In 2022, only 11.2 percent of respondents reported working for small physician practices. It significantly increased from the previous year’s figure of 37.2 percent. More than half of all medical coders and billers now work for one of the most considerable employer types.


Is there any hope for medical coding job growth in the future?

Medical coding and billing careers offer steady employment opportunities. Medical coding is in such high demand that the U.S. Bureau of Labor Statistics ranks it as one of the top 20 fastest-growing occupations.

The Affordable Healthcare Act has helped to increase the demand for medical coders by making more people qualified for medical care. Given that every patient encounter by every healthcare provider necessitates coded documentation and records, it’s no surprise that medical coding is one of the most in-demand healthcare careers.

Not only has the United States The Baby Boomer generation — 20 percent of our population reached retirement age, but U.S. According to the Census Bureau, the number of people aged 65 and up will increase by 55% by 2030.

Due to the rise in chronic conditions within this population, the Association of American Medical Colleges (AAMC) predicts a physician shortage of nearly 105,000 by 2030. Medical coders and billing specialists who work in hospitals and physician-based practices are also in short supply.


How Can Medical Coders and Billers Raise Their Salary?

Education is the easiest way to a higher medical coding salary. You may have extra capabilities based on your situation.

Non-certified medical billers and coders do the same work as their certified counterparts but are paid significantly less.

If you’ve started learning the health information profession through on-the-job training, becoming certified and earning up to 39 percent more money per year could be as easy as taking the CPB or CPC exam.

Salary increases with education and experience

A certificate or medical coding and billing degree that pays for college tuition or you earn can be beneficial. That is, the income of employees without a college education starts at the lowest value, such as the 10th percentile. Their income may be less than $29,130 ​​on average.

Also, medical billing and coders with a degree earn as much as $54,797. Also, the average salary for technicians with a four-year degree is $54,552. By getting higher education, you will have the opportunity to do many other things outside—those who take on more responsibility as medical billing managers can earn an average salary of $84,096.

The starting salary for trained medical coding and billing specialists with one year of experience is around $32,000. It can be more than $42,000 as you gain more experience over 5 or 9 years. Also, workers with more than 15 years of experience in coding and billing jobs earn $56,667 annually. Also, from those values, the salary increases by 5% for your other experience every five years.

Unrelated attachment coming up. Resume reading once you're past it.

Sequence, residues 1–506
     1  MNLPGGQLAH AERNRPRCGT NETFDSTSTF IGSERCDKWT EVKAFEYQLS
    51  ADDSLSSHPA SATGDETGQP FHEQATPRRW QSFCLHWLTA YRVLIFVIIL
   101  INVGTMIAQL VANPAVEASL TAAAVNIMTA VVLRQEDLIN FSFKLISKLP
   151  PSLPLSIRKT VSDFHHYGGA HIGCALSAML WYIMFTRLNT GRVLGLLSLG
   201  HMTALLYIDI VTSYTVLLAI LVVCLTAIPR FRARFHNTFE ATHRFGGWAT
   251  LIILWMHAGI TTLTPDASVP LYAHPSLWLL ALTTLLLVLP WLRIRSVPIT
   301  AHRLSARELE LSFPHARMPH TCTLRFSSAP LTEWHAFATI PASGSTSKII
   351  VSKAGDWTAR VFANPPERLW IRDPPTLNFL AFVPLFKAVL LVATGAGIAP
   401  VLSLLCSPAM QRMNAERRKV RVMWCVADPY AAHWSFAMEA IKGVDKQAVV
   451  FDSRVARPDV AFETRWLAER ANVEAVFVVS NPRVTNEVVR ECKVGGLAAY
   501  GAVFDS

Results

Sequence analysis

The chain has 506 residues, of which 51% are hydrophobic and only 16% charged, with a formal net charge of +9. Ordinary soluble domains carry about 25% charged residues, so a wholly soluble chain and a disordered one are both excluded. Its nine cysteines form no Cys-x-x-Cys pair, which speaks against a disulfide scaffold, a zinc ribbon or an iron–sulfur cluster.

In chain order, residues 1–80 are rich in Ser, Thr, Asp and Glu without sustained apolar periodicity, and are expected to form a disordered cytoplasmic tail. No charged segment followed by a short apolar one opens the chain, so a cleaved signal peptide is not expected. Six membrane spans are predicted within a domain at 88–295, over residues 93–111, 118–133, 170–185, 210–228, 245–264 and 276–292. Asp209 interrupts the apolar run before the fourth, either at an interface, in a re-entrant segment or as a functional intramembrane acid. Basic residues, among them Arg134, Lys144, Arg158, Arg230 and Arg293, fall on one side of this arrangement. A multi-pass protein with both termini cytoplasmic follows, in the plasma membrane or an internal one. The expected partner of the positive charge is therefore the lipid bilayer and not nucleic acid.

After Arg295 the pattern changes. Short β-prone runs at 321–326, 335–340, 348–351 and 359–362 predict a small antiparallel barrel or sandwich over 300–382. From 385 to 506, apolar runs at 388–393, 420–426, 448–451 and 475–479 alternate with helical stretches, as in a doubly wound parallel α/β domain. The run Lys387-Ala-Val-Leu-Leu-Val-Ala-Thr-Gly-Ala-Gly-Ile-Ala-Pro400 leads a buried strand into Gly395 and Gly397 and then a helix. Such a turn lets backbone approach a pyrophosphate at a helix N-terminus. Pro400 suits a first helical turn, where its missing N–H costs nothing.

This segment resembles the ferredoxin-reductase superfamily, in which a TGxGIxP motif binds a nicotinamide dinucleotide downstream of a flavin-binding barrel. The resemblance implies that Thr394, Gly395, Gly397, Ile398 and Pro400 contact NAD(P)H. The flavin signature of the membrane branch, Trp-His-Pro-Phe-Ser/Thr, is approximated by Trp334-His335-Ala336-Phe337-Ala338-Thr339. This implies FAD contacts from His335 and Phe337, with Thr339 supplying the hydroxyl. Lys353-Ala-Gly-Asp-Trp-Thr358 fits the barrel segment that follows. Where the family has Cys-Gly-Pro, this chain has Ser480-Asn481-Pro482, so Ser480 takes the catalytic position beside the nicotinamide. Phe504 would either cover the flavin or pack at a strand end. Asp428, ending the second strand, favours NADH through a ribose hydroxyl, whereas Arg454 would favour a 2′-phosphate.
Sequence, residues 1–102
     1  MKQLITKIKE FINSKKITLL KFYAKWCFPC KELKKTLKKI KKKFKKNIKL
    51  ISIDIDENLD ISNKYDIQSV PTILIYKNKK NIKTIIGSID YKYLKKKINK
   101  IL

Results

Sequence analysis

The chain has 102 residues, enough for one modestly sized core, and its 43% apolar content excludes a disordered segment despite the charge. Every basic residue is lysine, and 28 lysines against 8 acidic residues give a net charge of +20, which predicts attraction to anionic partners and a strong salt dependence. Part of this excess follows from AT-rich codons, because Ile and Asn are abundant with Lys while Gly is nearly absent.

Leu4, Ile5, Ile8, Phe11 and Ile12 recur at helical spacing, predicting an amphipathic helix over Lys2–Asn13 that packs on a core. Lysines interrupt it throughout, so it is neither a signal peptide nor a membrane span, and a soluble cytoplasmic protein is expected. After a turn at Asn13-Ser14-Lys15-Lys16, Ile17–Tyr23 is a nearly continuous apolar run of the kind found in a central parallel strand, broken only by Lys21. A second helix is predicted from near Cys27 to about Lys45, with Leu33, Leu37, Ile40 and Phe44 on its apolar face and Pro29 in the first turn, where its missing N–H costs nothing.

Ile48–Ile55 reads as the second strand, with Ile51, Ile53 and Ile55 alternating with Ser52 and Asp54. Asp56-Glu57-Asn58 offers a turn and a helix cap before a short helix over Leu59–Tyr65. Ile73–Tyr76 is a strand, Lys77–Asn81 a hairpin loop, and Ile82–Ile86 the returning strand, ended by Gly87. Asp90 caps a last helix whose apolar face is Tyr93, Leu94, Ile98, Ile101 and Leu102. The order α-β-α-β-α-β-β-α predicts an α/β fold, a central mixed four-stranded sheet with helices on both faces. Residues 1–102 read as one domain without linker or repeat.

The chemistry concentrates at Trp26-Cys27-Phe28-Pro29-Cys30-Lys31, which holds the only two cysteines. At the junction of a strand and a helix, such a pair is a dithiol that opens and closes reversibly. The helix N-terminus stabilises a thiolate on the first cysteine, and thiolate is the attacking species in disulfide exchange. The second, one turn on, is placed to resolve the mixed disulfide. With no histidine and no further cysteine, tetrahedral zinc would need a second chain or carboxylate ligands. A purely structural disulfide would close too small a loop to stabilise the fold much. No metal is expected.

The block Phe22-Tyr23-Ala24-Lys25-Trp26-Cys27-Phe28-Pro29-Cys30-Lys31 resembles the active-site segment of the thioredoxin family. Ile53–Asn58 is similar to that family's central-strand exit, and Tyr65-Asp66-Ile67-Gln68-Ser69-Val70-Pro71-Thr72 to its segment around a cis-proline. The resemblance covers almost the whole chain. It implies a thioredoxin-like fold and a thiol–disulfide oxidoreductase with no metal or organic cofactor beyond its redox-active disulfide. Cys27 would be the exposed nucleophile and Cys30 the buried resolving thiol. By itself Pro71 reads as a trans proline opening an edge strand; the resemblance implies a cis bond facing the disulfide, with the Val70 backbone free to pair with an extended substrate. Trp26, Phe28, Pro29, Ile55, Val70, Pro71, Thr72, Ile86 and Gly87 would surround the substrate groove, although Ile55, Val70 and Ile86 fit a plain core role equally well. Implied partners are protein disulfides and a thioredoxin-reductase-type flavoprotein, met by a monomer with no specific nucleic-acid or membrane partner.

Suggested: 8 Best Free Medical Billing and Coding Courses In 2022

Earning AAPC certification will increase the salary.

Medical coding and billing employees who put in the extra effort to earn AAPC certification earn more than their average salary. That figure can be an average salary increase of 2.6%.

The average annual wage earned by certifiers is $51,454. Also, the average salary for certified outpatient coding specialists is $58,882. Also, having two AAPC credentials can fetch a salary of 58,339. Certified medical practice managers who bring home the highest income can earn $64,666 annually.


  • Which medical coder earns the most money?

Certified medical practice managers earn the highest income of $64,666 per year. Also, Professional coders earn a salary of $51,454 per year. Certified outpatient coding specialists earn an annual income of $58,822.

  • Which pays more for medical billing or coding? 

Medical coders earn more than medical billers. The annual salary for medical coders is around $43,260. Also, the average salary for medical billers is $40,340.

  • How Much Do Medical Coders Make Working From Home?

Most medical coders who work from home make an average of $24 an hour or $50K annually.

  • How much does a Medical Coder or Medical Biller earn per hour?

Accredit to the Bureau of Labor Statistics, the average medical billing and coding wage is about $26.34 an hour. That figure is approximately $54,797 per year.

  • What is the highest paying medical coding certification?

Certified Outpatient Coding (COC)

Ascribed by the American Academy of Professional Coders, the COC certification was formerly called CPC-H. The coding is specialized for hospital groups, billing and coding departments, ambulances, and centers.



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I am a medical biller, a blogger and have 20 years of experience in medical billing, medical billing management, and medical assistant. My background includes positions as a clinical medical assistant, medical records technician, medical office manager, biller, and coder. I am certified by the American Academy of Professional Coders (AAPC) as a Certified Professional Coder (CPC) and by the Practice Management Institute (PMI) as a Certified Medical Office Manager (CMOM). As an office manager/biller/coder, I was a member of the Michigan Medical Group Managers, Michigan Medical Billers Association. I also served as a committee member of the Michigan Osteopathic Association of Practice Managers Education Committee.